Now we are starting to become aware that this is an overwhelming problem that will require a large effort involving the whole society and one can safely predict that big changes will occur regardless the problem is being treated sensibly or not. Where I live, I can see it everyday. Just imagine those atolons in the Pacific or the caribbean that face a vital menace. Awareness in this places must be rapidly becoming fear. It seems to me that this is precisely the next stage in climate change figth: turning awareness into fear. Very much as the world wars and fear of nazi exansion helped to push for FDR’s new deal. How to encourage this transition without waiting for the next catastrophe is, I believe, the main objective now. We should even try to overplay it if it is posible to overplay climate change fear (i think not).

      On the side of policies and institutions I have noticed a change in the EU in the last years. The EU faces the same issues as the US but there is a socioeconomical incentive that is pushing faster in the correct direction. This incentive is increasing dependence on coal, gas and oil imports while in the US the opposite has occured lately. While the US has invested a lot in shale gas and oil the EU, more densely populated has with few exceptions hesitated (I thing almost surely dismissed) the exploitation of these resources. From the very beginning it was recognized that a transition from fossil fuels to renewables would require development and deploy such renewable sources AND a very large reduction in effective energy consumptiom because it was recognized that current energy consumption levels cannot be met with renewables even if reneable performance increases by much. Initially, reduction of energy consumption has been left to 1) demand and energy waste reduction without sacrifice and 2) efficiency gains. “Sacrifice” has not yet been played but it is recognized it will be necessary. A first step of sacrifice would be to reduce economic output by means of ending with planned obsolescence. There are plans to begin with this and I believe that by 2020 new regulations on this issue migth have been passed although I tend to be too optimistic. Anyway, what I have been seen is that in the EU the regulatory framework has entered a “dynamic stage” by which in very short periods new restrictions and obligations are put in place. One instance is the building code. In Spain the first more or less comprehensive building code reform was approved in 1979 after the roaring 60s. we had to wait to 2007 to have a completely new code that included a comprehensive description and limits on energy demand in buildings (obliged by EU directives). In 2013 important amedments resulted in a whole new building code as well as regulatory framework of HVAC instalations (independent but related with). Meanwhile, ErP directive for manufacturers introduced new limitations on energy efficiency and it is expected that this year or in 2020 a new version of the building code will be released. Well I stop this is becoming too long!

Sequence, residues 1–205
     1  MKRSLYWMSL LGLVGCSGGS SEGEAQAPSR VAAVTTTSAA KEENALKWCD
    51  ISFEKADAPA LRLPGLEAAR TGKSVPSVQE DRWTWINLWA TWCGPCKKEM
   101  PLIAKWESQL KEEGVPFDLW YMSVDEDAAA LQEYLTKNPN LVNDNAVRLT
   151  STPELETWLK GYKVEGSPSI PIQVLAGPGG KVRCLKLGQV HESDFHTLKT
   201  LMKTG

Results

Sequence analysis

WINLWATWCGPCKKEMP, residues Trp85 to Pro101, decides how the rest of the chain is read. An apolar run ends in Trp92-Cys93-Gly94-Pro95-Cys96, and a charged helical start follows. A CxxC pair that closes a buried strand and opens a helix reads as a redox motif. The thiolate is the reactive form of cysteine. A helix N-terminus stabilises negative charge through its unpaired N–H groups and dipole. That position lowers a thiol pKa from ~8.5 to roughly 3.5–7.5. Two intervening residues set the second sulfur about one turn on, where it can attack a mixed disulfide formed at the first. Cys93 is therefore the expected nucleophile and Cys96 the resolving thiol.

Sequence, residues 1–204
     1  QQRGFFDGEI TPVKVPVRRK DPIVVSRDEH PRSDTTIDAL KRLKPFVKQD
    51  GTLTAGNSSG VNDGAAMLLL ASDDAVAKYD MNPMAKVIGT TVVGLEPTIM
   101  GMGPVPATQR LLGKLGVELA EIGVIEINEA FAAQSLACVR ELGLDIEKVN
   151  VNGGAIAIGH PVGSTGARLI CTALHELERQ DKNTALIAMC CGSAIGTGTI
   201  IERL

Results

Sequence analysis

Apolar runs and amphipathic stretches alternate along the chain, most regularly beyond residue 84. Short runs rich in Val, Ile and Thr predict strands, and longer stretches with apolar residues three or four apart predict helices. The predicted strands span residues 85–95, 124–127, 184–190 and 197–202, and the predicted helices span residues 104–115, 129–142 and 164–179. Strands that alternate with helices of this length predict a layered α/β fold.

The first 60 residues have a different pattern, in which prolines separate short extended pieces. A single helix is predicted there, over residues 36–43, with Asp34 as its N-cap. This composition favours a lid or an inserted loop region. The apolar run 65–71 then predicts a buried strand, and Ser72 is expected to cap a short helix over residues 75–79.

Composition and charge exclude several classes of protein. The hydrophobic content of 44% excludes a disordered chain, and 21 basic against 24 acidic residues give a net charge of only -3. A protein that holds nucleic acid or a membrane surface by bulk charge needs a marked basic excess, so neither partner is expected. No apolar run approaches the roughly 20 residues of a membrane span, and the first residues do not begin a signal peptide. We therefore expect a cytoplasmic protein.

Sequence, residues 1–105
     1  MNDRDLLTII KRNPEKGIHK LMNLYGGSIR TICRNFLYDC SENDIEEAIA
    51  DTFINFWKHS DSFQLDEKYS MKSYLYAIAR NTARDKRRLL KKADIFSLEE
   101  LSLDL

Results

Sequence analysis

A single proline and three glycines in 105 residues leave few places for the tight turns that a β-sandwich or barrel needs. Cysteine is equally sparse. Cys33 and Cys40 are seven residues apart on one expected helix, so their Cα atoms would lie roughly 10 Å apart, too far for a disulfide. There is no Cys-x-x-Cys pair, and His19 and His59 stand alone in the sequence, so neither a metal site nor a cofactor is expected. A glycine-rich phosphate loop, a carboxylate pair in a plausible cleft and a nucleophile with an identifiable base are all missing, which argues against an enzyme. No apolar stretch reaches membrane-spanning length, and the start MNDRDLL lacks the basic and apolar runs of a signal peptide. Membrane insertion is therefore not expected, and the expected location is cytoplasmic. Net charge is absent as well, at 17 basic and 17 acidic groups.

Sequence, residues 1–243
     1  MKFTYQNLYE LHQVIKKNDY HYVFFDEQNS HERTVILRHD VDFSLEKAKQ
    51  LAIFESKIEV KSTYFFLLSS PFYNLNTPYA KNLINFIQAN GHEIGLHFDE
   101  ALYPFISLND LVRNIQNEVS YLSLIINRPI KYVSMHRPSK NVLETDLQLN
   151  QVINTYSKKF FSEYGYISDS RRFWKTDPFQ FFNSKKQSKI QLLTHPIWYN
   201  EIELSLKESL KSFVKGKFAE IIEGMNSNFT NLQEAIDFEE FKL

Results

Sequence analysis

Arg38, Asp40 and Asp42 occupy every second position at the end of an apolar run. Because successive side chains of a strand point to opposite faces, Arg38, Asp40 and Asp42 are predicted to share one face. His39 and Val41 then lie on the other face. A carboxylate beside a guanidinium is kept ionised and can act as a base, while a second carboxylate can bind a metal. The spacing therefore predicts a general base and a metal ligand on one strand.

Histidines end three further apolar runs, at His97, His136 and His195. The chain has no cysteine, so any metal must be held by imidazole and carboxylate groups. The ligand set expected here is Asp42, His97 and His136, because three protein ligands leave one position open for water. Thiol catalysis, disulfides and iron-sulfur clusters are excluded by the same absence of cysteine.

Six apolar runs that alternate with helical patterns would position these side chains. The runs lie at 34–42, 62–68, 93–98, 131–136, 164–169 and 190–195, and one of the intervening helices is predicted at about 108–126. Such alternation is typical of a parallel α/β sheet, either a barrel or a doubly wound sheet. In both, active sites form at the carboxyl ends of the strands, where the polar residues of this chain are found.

Reply
      1. coboarts

        Yes, we do well when acting in fear
        I’m looking forward to relying on the swarm of frightened, enraged, aggrieved, entitled, wokesters to find some vision and sense of value to organize around… actually, I’m being way to generous – I’m sure it’s already been worked out and the plans are sitting in a drawer on top of the Agenda 21, Report from Iron Mountain, etc. etc.